• Cross-protection;
  • cytotoxic T lymphocytes;
  • influenza;
  • mucosal vaccination;
  • parenteral vaccination;
  • whole inactivated virus


Development of influenza vaccines capable of inducing broad protection against different virus subtypes is necessary given the ever-changing viral genetic landscape. Previously, we showed that vaccination with whole inactivated virus (WIV) induces heterosubtypic protection against lethal virus infection in mice. Whole inactivated virus-induced cross-protection was found to be mediated primarily by flu-specific CD8+ T cells.


As it has been demonstrated that the route of vaccine administration strongly influences both the quantity and quality of vaccine-induced immunity, in this study, we determined which route of WIV administration induces optimal heterosubtypic cross-protection.


We compared the magnitude of the immune response and heterosubtypic protection against lethal A/PR/8/34 (H1N1) infection after subcutaneous (SC), intramuscular (IM), and intranasal (IN) vaccination with A/NIBRG-14 (H5N1) WIV.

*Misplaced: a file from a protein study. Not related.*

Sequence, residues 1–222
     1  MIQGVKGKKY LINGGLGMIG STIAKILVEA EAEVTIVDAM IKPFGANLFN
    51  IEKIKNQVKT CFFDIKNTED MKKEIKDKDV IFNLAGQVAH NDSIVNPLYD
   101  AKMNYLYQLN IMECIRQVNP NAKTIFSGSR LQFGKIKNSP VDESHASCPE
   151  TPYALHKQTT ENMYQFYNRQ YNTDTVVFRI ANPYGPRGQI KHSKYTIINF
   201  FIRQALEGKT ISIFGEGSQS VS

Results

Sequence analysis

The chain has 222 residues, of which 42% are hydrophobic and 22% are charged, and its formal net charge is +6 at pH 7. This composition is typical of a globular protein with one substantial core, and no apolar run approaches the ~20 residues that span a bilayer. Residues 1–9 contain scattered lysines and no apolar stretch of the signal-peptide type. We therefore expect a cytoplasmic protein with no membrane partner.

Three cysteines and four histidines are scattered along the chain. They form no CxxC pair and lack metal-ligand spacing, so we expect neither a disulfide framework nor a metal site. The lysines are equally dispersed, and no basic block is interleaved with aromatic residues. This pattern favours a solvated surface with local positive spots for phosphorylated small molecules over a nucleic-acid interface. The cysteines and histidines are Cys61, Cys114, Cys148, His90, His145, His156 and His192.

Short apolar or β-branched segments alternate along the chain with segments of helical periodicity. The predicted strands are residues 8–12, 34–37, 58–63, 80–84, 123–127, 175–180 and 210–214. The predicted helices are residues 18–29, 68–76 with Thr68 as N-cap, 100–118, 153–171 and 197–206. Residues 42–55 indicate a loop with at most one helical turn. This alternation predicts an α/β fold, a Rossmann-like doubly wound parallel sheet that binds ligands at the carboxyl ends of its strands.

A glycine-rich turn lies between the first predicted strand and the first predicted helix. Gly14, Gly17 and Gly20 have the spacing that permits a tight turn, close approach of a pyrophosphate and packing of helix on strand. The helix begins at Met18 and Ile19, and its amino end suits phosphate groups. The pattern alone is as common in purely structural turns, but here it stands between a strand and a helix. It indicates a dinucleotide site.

Subcutaneous and IM administration was superior to IN administration of influenza WIV in terms of flu-specific CD8+ T-cell induction and protection of mice against lethal heterosubtypic challenge. Surprisingly, despite the very low flu-specific CD8+ T-cell responses detected in IN-vaccinated mice, these animals were partially protected, most likely due to cross-reactive IgA antibodies.


The results of this study show that the magnitude of WIV-induced flu-specific CD8+ T-cell activity depends on the applied vaccination route. We conclude that parenteral administration of WIV vaccine, in particular IM injection, is superior to IN vaccine delivery for the induction of heterosubtypic cross-protection and generally appears to elicit stronger immune responses than mucosal vaccination with WIV.